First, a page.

The U.S. House Transportation and Infrastructure Committee on Wednesday unanimously passed legislation that would undo a 2010 federal court ruling requiring logging companies to get discharge permits for water runoff on logging roads.
The bill, co-sponsored by 3rd District Rep. Jaime Herrera Beutler, R-Camas, has won praise from local forestland owners, who under the 9th U.S. Circuit Court ruling would be required to obtain a National Pollution Discharge Elimination System permit for stormwater runoff on those roads. This is the same permit required for water runoff from "point sources" such as factories and parking lots.
Following the ruling, the Washington Forest Protection Association warned of a regulatory nightmare if the ruling took effect. Local forestland owners said it would bring forest management to a halt, and that they already are required to develop comprehensive road maintenance plans under the state's Forests and Fish rule.
In December, President Barack Obama signed a one-year protection from the court ruling. The "forest roads protection bill" Herrera Beutler introduced would treat logging roads on private land as "nonpoint" pollution sources that do not require additional permits.
"We can preserve water quality and forest health, and we can do it without crushing businesses with this unnecessary permitting requirement," Herrera Beutler said in a statement released Wednesday. "Permanently eliminating this rule once and for all would be a victory for an industry that provides good jobs to folks in Southwest Washington and elsewhere."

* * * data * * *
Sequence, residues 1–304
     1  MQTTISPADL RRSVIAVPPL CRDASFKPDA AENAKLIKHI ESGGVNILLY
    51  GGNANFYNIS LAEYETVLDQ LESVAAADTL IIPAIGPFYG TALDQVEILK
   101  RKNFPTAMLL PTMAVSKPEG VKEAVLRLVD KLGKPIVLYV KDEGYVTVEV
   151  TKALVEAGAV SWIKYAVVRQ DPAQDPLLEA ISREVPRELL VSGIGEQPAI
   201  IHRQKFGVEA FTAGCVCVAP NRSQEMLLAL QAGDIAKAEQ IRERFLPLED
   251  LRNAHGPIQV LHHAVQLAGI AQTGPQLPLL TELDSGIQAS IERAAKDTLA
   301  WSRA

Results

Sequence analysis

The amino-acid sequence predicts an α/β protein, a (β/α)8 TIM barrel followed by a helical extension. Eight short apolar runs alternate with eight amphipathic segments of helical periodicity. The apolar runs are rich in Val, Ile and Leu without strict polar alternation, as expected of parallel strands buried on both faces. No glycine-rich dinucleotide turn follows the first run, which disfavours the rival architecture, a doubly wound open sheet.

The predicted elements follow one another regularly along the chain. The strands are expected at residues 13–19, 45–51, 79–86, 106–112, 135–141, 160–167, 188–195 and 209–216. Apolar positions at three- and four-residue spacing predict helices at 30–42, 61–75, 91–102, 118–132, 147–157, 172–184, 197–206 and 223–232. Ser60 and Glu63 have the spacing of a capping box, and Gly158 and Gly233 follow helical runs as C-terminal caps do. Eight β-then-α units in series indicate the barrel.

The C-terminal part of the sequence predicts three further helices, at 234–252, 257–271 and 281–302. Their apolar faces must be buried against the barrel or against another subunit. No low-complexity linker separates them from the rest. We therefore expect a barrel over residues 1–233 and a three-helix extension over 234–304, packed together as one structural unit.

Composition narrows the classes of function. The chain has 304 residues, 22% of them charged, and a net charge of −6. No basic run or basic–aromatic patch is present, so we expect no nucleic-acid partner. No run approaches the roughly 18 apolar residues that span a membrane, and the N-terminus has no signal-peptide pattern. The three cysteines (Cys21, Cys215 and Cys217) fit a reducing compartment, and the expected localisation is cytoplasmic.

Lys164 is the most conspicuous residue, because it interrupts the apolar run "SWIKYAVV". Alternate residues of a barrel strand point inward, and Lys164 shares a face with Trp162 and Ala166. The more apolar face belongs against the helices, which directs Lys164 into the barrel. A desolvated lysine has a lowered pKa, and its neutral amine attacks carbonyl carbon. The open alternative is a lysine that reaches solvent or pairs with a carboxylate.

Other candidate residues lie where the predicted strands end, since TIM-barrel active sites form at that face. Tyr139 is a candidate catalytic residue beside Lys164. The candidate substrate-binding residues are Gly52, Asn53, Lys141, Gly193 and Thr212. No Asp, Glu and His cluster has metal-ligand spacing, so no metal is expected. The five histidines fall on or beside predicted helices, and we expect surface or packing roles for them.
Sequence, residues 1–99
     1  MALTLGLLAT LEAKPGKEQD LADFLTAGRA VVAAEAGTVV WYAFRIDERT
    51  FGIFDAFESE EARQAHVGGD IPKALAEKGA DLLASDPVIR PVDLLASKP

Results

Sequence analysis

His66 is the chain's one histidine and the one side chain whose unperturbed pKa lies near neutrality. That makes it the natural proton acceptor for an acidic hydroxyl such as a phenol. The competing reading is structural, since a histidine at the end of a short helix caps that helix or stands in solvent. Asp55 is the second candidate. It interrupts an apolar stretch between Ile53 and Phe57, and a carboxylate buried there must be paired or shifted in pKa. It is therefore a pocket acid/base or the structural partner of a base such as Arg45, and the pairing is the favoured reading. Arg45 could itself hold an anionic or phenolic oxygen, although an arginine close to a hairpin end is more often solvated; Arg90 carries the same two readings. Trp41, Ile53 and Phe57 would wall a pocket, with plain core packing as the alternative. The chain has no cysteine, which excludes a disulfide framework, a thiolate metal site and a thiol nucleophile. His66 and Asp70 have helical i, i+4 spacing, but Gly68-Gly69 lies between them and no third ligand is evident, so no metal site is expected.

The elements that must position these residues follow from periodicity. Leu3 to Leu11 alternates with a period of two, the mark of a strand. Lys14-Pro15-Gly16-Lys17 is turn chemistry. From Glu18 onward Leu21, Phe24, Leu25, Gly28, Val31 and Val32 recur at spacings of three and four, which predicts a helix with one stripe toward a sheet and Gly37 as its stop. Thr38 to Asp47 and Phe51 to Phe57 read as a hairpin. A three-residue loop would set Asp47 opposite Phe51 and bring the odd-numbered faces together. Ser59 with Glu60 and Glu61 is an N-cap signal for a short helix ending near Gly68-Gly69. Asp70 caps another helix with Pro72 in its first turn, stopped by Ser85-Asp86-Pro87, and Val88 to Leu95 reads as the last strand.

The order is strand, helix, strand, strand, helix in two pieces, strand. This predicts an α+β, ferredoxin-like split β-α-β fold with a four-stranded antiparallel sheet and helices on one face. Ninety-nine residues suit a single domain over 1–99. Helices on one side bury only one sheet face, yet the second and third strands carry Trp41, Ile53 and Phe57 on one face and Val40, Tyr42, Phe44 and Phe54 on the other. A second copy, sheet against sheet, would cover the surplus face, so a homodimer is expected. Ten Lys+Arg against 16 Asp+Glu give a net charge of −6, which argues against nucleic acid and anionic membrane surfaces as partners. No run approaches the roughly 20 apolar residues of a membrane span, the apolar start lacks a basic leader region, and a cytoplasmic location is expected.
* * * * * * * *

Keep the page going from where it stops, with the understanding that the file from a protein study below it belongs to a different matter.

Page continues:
The 2010 ruling by a three-judge panel of the 9th Circuit came in a lawsuit filed by the Northwest Environmental Defense Center against then-Oregon State Forester Marvin Brown and the Oregon Department of Forestry involving two logging roads serving Oregon's Tillamook State Forest. The plaintiffs argued that the department should be required to obtain an NPDES permit for stormwater runoff from the roads because the sediment in the runoff is a pollutant regulated under the Clean Water Act.
Also co-sponsoring the forest roads protection bill is Rep. Kurt Schrader, D-Ore. In the U.S. Senate, Sens. Ron Wyden, D-Ore., and Mike Crapo, R-Idaho, have introduced similar legislation, which is sitting in the Senate's Environment and Public Works Committee.